You know what you should do? You should homebrew!

November 6 is Learn to Homebrew Day

Charlie Papazian and a whole lot of homebrew

Thanks to a bureaucratic oversight during the repeal of Prohibition, homebrewing remained illegal in the U.S. until 1978. Many practiced and taught the hobby—notably Boulder County resident Charlie Papazian—despite the illegalities, but all that changed on Oct. 14, 1978, thanks to President Jimmy Carter’s signature on H.R. 1337. From a federal standpoint, homebrewing was once again legal like the brew gods intended. Two months later, Papazian and friend Charlie Matzen published the first issue of Zymurgy, the journal of the American Homebrewers Association (AHA).

What happened next is the story of the craft beer revolution: Dedicated homebrewers shared their craft with others. Those others got hooked on homebrew, went pro, and created an industry. “Well over 90 percent of the craft breweries in America were started by homebrewers,” Papazian wrote in the introduction to the fourth edition of The Complete Joy of Homebrewing.

Twenty-one years after the AHA’s inception, the association partnered with the Home Wine and Beer Trade Association to celebrate Teach a Friend to Homebrew Day—later rechristened Learn to Homebrew Day. 

Held on the first Saturday in November—to balance the calendar against AHA’s National Homebrew Day held on the first Saturday in May—Learn to Homebrew Day continues the spirit of sharing that has become a hallmark of the community. And not just, you try my beer, and I’ll try yours, but sharing observations, techniques, and tricks over a couple of pints of homebrew. Coming together and sharing is something we’ve consciously stepped away from for health reasons, but it’s high time to think about reconnecting with friends and family over homebrew. Besides, we hear the weather’s going to be gorgeous this Saturday.

Already a homebrewer? Perfect, find a friend who isn’t and invite them over. Are you a wannabe homebrewer? Well, you’re in luck. According to, participants across 13 countries and all 50 U.S. states have pledged to homebrew on Nov. 6. There’s a pretty good chance someone in your social circle will be joining the festivities. And homebrewers aren’t shy about their hobby. Chances are, if they’ve invited you over for homebrew in the past, they’ll love to have you over for homebrew again.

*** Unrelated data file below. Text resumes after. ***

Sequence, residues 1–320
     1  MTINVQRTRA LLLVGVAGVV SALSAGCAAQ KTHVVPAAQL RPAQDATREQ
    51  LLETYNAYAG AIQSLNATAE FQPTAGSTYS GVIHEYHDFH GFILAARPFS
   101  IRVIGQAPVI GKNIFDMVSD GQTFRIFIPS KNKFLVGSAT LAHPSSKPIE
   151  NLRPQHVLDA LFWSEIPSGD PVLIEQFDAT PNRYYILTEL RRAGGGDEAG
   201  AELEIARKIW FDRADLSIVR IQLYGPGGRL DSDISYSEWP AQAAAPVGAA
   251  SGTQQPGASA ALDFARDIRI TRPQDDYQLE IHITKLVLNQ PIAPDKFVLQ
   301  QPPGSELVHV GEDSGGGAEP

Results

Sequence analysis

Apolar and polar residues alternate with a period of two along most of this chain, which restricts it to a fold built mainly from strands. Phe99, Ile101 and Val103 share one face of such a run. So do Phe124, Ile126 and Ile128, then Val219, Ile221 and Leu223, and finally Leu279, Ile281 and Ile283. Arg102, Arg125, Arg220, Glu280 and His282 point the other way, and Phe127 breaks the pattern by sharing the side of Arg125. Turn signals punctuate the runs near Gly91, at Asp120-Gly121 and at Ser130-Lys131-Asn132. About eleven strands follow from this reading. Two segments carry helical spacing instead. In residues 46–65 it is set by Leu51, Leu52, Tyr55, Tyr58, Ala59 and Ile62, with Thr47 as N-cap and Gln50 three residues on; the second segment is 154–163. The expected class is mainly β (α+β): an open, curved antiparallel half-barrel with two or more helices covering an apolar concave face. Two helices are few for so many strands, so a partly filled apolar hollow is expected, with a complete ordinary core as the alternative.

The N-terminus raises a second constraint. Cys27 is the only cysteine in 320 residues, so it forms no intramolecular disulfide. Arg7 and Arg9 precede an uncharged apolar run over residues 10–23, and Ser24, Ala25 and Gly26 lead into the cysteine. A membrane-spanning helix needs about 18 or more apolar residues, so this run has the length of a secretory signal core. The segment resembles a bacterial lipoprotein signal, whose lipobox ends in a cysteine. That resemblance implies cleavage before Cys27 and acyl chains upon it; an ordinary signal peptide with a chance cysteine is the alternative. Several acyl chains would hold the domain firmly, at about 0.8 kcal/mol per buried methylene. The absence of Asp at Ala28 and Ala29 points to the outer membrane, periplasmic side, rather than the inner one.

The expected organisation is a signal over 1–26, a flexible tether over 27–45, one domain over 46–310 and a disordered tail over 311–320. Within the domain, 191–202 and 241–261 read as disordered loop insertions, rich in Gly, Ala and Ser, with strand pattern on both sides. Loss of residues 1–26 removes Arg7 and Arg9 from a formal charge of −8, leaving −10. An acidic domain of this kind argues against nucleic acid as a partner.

Next steps

So Saturday’s brew hooked you. Now what? Well, if you want to learn how to cook, you go and pick up a cookbook. And anyone who wants to brew pretty much starts with Papazian’s The Complete Joy of Homebrewing. First published in 1984, Papazian’s introduction and guide to the fun of homebrewing has sold more than a million copies and probably inspired your favorite brewery down the street. It’s a must for anyone interested in beer. And while you’re out shopping for books, you might as well snag a copy of John Palmer’s How to Brew: Everything You Need to Know to Brew Great Beer Every Time, and The Secrets of Master Brewers by Jeff Alworth. Alworth’s book is better suited for the intermediate homebrewer, but if you’ve ever wanted to know how to make those iconic ales and lagers you’ve been drinking all your life, this is where you’ll find it.


Speaking of, one of the joys of the brewing community is the accessibility of the information. Zymurgy regularly publishes recipes for how to recreate your favorite beers at home. For this year’s Learn to Homebrew Day, they have published two to start with: Fuil Croi Irish Red Ale, an all-grain recipe from Palmer’s book, and Lucky 13 Dark Mild, an extract recipe provided by Laurie Ann Gutierrez, co-host of the Brew’d Up podcast and member of the SoCal Cerveceros.

Gear up

Homebrewing can be as straightforward or as complicated as you want it to be. Either way, swing by Boulder Fermentation Supply or Longmont’s Bald Brewer Homebrewing and Winemaking Supplies. Both have kits and ingredients for just about every level of involvement and budget.

Now what?

Brew like crazy. Share your beer with friends, show them how you made it, and take requests. Hone your skills for next May’s National Homebrew Day. Join a homebrew club. Make friends. Experiment. Maybe someday, you’ll even start a brewery. Maybe you’ll introduce a friend to homebrewing, and they’ll start a brewery. Or maybe you’ll just have a fine time on a Saturday afternoon relaxing with homebrew watching the wort boil.